What tools would you like your participants to gain while working with you?
We help our clients gain perspective on what addiction is, and how they can fight it. We help our clients understand the biological, psychological, and social components of addiction and recovery, and the spiritual when that’s appropriate.
In each of these categories, we help clients deepen their self-awareness and understanding of who they are, and how their own actions, and those of people around them, have contributed to the situation in which they find themselves. These elements provide the perspective that clients will need to evaluate situations they encounter in their recovery.
Building the Tools to Prevent Relapse
We help clients build the tools they need to prevent relapse. We believe that relapse is a process, not an event, and that the signs of relapse are detectable long before a person in recovery actually uses drugs or alcohol again.
We help clients identify the situations and people that propel their addictions. We help them build systems they can use to avoid these triggers when possible, or blunt their effects when avoiding them is impractical.
Planning a Life in Recovery
We help clients plan a life in recovery, and achieve their goals in building it. Going back to the biological, psychological, social, and spiritual components of life, we work with clients to identify what a life in recovery looks like, and where to find the pieces of the puzzle that together will provide a robust recovery and a happy life.
Some aspects of this are as simple as learning how to cook healthy meals and eating on a regular schedule. Others might involve issues so serious that a client considers making major changes in his or her life.
But most are less dramatic, and involve identifying and building habits that support the life a client wants: supportive friends, a good career, a happy family life, and positive ways to have fun.
What do you envision the future of addiction treatment to be like?
Well, let’s start with the kind of online care that Lionrock provides as being the immediate “future”. We provide group and individual therapy sessions by secure, high definition, video conference over the Internet.
It’s safe and easy to use. We also use a mobile application that builds structure and accountability by creating a daily schedule of therapeutic exercises – really just new habits to keep – and clients use their phones to check-in with a photo and a journal entry, and their location.
This way, clients use the app to create a record of their successes and progress in treatment, and it lets counselors stay in touch with clients when they’re not in counseling sessions. This isn’t exactly “the future”, because we’re doing it now, but many people tell me it sure feels like the future.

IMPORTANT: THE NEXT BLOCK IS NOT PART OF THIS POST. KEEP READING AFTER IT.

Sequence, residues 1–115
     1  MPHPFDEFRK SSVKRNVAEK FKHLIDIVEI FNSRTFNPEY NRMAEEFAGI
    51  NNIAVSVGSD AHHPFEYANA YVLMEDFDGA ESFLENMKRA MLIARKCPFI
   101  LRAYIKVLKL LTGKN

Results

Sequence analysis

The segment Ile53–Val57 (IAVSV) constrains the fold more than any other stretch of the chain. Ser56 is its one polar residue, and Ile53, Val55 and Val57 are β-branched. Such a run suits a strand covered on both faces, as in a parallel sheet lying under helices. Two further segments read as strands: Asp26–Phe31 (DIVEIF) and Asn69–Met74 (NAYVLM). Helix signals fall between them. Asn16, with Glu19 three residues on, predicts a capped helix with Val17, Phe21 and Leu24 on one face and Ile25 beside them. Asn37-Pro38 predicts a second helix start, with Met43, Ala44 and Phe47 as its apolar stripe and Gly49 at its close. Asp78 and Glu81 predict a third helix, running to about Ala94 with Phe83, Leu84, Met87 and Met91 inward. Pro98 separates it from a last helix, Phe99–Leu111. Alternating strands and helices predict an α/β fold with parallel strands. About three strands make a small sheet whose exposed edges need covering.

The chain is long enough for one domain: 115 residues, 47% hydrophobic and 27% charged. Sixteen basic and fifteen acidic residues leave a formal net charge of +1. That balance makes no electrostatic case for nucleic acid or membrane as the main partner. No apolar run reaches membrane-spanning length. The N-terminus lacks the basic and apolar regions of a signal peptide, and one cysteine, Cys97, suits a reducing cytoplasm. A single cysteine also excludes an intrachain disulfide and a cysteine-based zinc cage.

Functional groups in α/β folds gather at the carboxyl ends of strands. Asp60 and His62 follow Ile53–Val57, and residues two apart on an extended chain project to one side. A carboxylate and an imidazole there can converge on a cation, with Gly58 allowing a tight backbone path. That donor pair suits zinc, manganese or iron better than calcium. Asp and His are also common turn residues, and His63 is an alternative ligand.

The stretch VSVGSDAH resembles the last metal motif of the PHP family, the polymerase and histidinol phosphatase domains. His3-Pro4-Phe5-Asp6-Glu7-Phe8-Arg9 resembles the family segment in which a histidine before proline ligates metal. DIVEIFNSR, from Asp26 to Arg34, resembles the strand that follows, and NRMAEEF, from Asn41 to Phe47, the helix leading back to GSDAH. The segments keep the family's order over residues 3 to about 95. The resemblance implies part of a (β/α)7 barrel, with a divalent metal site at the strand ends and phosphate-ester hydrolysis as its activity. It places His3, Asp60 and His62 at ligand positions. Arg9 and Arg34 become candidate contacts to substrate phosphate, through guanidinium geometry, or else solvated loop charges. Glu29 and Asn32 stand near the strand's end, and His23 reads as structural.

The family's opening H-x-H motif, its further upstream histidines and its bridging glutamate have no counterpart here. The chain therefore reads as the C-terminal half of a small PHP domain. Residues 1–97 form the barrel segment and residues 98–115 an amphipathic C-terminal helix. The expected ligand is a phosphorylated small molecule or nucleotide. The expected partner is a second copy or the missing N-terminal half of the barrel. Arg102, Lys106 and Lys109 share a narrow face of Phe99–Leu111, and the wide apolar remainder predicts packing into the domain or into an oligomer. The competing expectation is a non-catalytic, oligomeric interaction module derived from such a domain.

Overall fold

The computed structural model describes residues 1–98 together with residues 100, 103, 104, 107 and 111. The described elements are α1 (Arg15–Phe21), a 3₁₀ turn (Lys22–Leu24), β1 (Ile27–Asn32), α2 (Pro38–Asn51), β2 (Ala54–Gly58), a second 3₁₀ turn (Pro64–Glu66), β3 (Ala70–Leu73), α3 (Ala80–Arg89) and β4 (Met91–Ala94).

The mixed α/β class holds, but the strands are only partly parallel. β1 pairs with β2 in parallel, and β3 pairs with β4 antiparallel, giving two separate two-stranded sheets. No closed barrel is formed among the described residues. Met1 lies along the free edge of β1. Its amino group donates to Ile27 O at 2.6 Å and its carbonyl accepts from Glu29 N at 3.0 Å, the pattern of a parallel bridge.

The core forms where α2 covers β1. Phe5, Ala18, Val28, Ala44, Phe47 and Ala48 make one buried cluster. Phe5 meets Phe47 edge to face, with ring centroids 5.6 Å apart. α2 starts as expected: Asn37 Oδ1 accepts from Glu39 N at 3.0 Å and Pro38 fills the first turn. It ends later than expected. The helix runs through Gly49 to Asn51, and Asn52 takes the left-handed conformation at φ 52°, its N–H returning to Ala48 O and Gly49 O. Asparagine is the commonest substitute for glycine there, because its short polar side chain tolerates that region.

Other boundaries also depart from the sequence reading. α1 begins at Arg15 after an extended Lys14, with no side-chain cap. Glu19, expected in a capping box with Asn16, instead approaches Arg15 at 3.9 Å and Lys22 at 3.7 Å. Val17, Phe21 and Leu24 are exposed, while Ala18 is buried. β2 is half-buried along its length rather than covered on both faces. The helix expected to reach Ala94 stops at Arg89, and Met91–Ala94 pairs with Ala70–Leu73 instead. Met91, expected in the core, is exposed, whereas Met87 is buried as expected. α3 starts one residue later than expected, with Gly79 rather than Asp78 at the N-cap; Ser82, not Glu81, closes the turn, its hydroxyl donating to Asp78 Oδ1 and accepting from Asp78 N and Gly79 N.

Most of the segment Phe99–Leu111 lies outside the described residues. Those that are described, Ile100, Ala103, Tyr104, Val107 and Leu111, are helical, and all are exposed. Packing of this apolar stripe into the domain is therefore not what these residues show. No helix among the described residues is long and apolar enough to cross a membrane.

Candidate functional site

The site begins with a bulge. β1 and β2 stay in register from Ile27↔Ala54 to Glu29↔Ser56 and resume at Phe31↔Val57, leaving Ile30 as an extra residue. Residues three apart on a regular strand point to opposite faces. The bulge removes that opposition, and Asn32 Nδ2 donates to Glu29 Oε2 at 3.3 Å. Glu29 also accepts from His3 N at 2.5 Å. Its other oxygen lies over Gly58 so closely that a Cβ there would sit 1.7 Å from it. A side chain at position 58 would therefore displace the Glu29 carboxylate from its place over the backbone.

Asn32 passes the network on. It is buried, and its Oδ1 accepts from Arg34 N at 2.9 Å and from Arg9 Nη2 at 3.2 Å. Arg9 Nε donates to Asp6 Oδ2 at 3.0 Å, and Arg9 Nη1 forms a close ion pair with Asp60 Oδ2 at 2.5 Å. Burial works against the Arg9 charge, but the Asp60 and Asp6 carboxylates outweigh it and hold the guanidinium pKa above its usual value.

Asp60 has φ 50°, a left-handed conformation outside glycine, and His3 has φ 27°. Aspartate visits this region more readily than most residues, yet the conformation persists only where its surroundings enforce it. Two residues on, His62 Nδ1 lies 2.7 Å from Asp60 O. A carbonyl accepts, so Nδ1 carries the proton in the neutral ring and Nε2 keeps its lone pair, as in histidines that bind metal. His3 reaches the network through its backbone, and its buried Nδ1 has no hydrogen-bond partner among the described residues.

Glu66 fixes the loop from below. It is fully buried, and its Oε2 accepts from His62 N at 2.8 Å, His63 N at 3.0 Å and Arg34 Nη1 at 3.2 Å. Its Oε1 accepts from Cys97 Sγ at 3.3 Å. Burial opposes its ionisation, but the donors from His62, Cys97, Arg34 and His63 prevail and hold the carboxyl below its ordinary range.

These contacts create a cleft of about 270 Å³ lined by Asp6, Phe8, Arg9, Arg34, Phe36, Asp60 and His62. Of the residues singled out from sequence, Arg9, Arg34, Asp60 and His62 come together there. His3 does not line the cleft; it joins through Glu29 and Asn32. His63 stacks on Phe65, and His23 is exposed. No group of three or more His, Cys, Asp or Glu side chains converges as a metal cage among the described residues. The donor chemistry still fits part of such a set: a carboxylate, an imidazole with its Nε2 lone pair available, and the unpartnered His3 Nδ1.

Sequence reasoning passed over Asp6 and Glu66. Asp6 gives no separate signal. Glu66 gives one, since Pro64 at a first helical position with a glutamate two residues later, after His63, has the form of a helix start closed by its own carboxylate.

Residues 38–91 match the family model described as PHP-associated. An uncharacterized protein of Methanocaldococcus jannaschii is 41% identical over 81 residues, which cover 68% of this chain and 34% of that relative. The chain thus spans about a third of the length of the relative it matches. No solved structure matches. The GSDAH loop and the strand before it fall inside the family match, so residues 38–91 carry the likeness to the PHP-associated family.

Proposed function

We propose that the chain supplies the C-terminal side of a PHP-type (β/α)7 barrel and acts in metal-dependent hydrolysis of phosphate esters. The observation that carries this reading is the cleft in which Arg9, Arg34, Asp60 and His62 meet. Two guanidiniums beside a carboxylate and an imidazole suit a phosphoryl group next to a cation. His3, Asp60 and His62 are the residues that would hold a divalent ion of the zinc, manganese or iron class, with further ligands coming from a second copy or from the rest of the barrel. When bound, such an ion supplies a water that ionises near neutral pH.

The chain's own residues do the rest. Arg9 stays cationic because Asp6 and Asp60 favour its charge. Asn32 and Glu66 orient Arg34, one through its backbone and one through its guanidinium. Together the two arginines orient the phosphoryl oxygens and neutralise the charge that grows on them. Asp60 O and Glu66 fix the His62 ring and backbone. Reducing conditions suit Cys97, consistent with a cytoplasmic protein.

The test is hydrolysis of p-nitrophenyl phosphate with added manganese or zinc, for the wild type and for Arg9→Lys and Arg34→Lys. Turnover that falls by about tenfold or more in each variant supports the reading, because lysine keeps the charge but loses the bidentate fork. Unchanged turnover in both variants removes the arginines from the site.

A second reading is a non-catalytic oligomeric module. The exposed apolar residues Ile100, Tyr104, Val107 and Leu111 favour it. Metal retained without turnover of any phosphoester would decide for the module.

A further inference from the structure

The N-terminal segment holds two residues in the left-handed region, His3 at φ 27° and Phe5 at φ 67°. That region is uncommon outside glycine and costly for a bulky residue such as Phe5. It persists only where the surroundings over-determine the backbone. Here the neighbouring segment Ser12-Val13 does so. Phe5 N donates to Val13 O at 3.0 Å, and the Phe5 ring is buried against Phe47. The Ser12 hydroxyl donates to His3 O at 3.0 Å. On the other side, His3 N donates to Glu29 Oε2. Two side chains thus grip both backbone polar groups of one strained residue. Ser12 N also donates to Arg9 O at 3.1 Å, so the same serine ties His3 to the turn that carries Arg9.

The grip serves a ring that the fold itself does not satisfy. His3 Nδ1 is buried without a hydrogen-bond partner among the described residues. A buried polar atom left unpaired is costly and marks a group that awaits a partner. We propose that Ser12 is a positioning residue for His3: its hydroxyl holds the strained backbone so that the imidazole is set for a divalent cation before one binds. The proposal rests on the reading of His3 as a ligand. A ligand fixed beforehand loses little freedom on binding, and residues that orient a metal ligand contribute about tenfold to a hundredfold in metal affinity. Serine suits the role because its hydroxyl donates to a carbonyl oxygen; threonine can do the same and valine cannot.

The Role of Online Care
I don’t think that online care will replace residential care for people who need it, and can afford the time away and money involved. But for the millions of people who struggle with addiction who don’t have access to care, or who are too scared to ask for help, getting help online may be the best way to go.
We often hear from both clients and counselors that they prefer treatment online to in-person because clients feel safe at home. They’re often willing to go deeper into issues because they’re more relaxed. Online treatment also can be a valuable tool when returning home from residential treatment, as a step-down to outpatient care.
In the future of online care, instead of sitting in front of a screen looking at pictures on a screen, we’ll sit at a table and place a little box in the middle that creates life-size holograms of the other people in group and your therapist. It will be much more like sitting in a circle. The technology already exists, but it’s still too expensive for consumer use.
Another promising area in the future of addiction treatment is medically-assisted treatment. While the drug therapies available now can be helpful when used carefully, they are imperfect at best. At some point in the future, whether by electromagnetism, pharmaceutical, or some other means, we will learn how to “reset” the brain to eliminate the cravings of addiction.
We’ll still need counseling to complement this biological treatment with needed psychological, social, and spiritual progress, but when we can easily make the brain “forget” its addictions, we’ll be light years ahead of today.
The opinions and views of our guest contributors are shared to provide a broad perspective of addiction. These are not necessarily the views of Addiction Hope, but an effort to offer discussion of various issues by different concerned individuals.
Last Updated & Reviewed By: Jacquelyn Ekern, MS, LPC on January 1st, 2015
Published on AddictionHope.com